By virtue of the operating voltages of +1.3 volts and -3.7 volts, the circuit of FIG. 1 is adapted to receive ECL logic input signals of -1.6 volts and -0.8 volt, with a midpoint or threshold voltage of -1.2 volts, at the input 12. Because of the relatively small ECL input range of 800 millivolts, the output of the first inveter stage 11A is of the order of 3 volts rather than the full 5 volts of usual CMOS operation, as explained in U.S. Pat. No. 5,045,730 to Cooperman and Sieber. The operation of the second inverter circuit 11B in the series produces a full 5 volt range at its output. Because of the relatively small ECL input voltage range, the first inverter circuit operates at about half the speed of similar circuits with CMOS input voltages. In addition, slight variations in the threshold voltage at the input stage can cause variations in the output duty cycle of the circuit.
As is well known in the art of CMOS circuitry as described above, the P-type transistors are made larger than the N-type transistors in order to provide each pair with matching complementary characteristics. In the fabrication of an MOS transistor the length of the channel, that is the distance between the source and drain regions of the device is made as small as practicable. The size of an individual device is determined by the width of the channel, that is the dimension of the border between the channel and the source or the channel and the drain. Thus, typically, the lengths of the channels of the P and N-type MOS transistors of a complementary pair are the same, while the width of the channel of the P-type transistor is three times that of its associated N-type transistor.
FIG. 2 is a schematic circuit diagram of an ECL to CMOS logic converter circuit including a series of inverter circuits 21A, 21B, 21N in accordance with the present invention. In this circuit the sizes of the CMOS transistors in the first inverter stage 11A are each three times as large as the MOS transistors of the same type in the other inverter circuits of the series. The size of each transistor of the first inverter circuit 21A is made larger by increasing the width of the channel and thus the current carrying capacity of the channel between the source and drain regions. Thus, the P-type transistor of the first inverter circuit 21A is three times the size of the P-type transistors of the subsequent inverter circuits, and the N-type transistor of the first inverter circuit 21A is three times the size of the N-type transistors of the other inverter circuits. Each P-type transistor is three times the size of the associated N-type transistor in the same inverter circuit.
In the circuit of FIG. 2 the ECL input signals are applied to an input terminal 22 which is connected only to the gate of the N-type transistor of the first inverter circuit 21A. The gate of the P-type transistor of the first inverter circuit 21A is connected to a threshold control 23. By virtue of the transistors of the first inverter circuit 21A being larger than those of the subsequent inverter circuits, the drive capability of the first inverter circuit 21A is increased thereby compensating for the low ECL input swing of 800 millivolts at the input 22. Thus the loss in speed attributed to using the smaller range of ECL input logic levels is overcome. The input capacitance of each of the transistors of the first inverter circuit 21A also increases proportionately. Since in the circuit of FIG. 2 the input 22 is connected only to the N-type transistor, the input capacitance of the first inverter circuit 21A is only one-fourth of what it would be if the input were connected to the gates of both the N-type and the P-type transistors as in the usual manner.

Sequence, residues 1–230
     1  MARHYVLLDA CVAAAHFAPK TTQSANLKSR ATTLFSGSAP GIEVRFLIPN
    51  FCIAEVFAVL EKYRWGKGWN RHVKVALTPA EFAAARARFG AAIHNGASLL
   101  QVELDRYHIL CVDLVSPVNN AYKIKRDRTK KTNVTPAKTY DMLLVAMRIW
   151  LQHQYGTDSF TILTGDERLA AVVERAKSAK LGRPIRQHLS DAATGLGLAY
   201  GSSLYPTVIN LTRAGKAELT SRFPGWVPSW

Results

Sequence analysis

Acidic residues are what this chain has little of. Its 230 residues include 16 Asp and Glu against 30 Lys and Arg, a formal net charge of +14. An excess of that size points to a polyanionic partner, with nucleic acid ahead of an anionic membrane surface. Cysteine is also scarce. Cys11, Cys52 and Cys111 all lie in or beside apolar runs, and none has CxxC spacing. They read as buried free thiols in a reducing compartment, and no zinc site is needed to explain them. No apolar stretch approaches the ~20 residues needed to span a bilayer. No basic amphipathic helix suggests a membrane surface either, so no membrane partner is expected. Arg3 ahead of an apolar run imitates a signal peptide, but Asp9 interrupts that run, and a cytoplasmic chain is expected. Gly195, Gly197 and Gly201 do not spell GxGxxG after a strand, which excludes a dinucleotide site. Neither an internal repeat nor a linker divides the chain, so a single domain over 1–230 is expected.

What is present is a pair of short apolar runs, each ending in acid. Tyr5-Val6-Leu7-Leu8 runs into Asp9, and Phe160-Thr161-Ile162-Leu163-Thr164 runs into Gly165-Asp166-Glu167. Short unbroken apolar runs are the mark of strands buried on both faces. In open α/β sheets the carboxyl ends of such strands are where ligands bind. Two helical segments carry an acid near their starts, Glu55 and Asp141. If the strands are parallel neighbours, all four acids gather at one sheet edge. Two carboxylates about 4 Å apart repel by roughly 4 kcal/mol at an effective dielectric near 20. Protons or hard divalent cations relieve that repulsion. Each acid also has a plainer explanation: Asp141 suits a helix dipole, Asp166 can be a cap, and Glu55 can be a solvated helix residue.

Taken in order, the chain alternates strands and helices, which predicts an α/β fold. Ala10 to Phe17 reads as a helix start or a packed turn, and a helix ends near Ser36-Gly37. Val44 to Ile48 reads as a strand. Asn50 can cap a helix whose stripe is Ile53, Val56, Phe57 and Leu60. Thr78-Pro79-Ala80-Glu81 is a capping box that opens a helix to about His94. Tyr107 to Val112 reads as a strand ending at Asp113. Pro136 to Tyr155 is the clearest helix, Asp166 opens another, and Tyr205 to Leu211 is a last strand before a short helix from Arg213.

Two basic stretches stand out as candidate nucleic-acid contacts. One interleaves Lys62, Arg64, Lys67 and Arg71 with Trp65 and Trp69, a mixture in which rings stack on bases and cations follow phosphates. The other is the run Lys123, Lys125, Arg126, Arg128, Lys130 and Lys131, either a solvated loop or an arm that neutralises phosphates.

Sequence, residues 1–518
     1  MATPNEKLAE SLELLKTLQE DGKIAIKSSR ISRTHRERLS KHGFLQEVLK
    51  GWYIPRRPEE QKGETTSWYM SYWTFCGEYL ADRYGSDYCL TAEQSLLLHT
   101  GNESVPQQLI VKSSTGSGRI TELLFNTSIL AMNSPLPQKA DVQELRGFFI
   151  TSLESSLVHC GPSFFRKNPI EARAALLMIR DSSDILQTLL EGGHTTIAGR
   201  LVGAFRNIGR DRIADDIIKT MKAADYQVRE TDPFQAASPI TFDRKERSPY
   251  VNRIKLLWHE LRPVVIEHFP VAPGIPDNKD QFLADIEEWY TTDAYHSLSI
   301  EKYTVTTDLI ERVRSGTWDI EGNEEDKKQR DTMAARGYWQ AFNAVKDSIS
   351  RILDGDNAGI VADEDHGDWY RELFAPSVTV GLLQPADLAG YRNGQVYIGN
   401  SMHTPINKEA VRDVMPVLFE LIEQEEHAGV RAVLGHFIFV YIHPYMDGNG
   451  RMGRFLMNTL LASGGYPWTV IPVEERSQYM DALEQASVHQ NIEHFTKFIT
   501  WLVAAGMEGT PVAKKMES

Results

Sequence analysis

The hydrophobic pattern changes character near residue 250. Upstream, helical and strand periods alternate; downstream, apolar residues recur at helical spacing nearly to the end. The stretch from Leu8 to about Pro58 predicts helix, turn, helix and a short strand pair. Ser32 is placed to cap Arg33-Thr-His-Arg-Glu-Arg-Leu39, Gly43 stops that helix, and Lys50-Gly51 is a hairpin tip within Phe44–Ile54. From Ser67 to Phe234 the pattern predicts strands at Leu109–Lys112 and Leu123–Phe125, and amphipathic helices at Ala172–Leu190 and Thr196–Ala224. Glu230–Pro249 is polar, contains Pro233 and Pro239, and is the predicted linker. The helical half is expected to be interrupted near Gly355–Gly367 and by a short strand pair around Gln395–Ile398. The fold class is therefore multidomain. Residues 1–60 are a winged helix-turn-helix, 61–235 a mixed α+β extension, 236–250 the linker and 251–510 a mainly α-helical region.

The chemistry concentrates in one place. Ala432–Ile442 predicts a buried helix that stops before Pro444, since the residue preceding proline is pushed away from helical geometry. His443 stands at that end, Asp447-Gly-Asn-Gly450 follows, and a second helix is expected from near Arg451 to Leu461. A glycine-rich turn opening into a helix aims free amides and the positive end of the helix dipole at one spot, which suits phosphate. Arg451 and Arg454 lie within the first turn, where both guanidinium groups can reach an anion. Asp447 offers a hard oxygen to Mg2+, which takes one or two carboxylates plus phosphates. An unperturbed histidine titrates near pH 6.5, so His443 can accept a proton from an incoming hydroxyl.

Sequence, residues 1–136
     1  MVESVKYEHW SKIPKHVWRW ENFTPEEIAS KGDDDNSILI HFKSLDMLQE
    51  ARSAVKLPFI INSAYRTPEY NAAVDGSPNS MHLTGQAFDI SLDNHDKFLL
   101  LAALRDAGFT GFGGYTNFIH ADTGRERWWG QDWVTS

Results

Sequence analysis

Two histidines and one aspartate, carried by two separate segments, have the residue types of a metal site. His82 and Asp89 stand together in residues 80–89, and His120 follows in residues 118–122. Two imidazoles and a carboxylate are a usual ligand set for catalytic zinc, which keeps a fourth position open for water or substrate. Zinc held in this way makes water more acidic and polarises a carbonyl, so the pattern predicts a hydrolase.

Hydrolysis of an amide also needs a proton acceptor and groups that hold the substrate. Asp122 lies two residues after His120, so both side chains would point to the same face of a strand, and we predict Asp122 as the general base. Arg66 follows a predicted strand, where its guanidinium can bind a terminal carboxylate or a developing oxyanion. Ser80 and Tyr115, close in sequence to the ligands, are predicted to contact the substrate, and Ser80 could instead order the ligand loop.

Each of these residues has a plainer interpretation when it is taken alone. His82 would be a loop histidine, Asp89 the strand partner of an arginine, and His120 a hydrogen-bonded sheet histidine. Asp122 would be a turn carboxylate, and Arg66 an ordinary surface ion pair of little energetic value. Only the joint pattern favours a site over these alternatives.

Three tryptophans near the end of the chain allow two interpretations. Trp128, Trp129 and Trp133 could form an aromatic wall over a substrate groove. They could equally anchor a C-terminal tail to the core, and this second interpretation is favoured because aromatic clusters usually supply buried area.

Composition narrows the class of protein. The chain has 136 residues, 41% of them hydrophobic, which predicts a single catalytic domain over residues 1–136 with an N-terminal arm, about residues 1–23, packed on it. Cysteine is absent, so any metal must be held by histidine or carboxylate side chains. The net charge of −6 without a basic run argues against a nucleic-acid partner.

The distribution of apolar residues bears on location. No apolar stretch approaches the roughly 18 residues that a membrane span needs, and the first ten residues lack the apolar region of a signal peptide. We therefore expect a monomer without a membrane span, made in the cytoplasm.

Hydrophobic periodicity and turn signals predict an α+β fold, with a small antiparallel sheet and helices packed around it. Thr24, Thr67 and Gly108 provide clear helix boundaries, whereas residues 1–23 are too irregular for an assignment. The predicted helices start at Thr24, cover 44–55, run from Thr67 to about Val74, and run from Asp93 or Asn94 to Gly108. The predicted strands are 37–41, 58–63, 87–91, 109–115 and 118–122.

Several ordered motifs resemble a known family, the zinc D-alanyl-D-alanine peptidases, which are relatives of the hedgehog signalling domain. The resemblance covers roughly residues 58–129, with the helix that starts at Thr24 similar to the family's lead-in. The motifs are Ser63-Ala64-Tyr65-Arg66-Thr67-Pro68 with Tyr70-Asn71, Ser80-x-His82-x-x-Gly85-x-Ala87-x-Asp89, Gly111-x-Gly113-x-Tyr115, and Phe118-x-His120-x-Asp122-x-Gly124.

The threshold control input 23 at the gate of the P-type transistor of the first inverter circuit 21A may be employed to control the input threshold of the circuit and thus stabilize the output duty cycle. Under expected normal conditions the threshold control may be set at -1.2 volts which is midway between the ECL logic levels of -1.6 volts and -0.8 volt. Thus the circuit in accordance with the present invention serves as an ECL to CMOS converter with increased operating speed and without output cuty cycle distortion.
While there has been shown and described what is considered a preferred embodiment of the present invention, it will be obvious to those skilled in the art that various changes and modifications may be made therein without departing from the invention as defined by the appended claims.
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|U.S. Classification||326/66, 326/121, 326/21|
|International Classification||H01L27/02, H03K19/017, H03K19/0185|
|Cooperative Classification||H03K19/018521, H03K19/01707, H01L27/0214|
|European Classification||H03K19/0185B4, H03K19/017B|
|Mar 19, 1993||AS||Assignment|
Owner name: GTE LABORATORIES INCORPORATED, MASSACHUSETTS
Free format text: ASSIGNMENT OF ASSIGNORS INTEREST.;ASSIGNORS:COOPERMAN, MICHAEL;ANDRADE, PHILLIP;REEL/FRAME:006489/0397
Effective date: 19930318
|Jan 7, 1998||FPAY||Fee payment|
Year of fee payment: 4
|Jan 4, 2002||FPAY||Fee payment|
Year of fee payment: 8
|Jan 12, 2006||FPAY||Fee payment|
Year of fee payment: 12
|Apr 7, 2008||AS||Assignment|
Owner name: VERIZON LABORATORIES INC., MASSACHUSETTS
Free format text: CHANGE OF NAME;ASSIGNOR:GTE LABORATORIES INCORPORATED;REEL/FRAME:020762/0755
Effective date: 20000613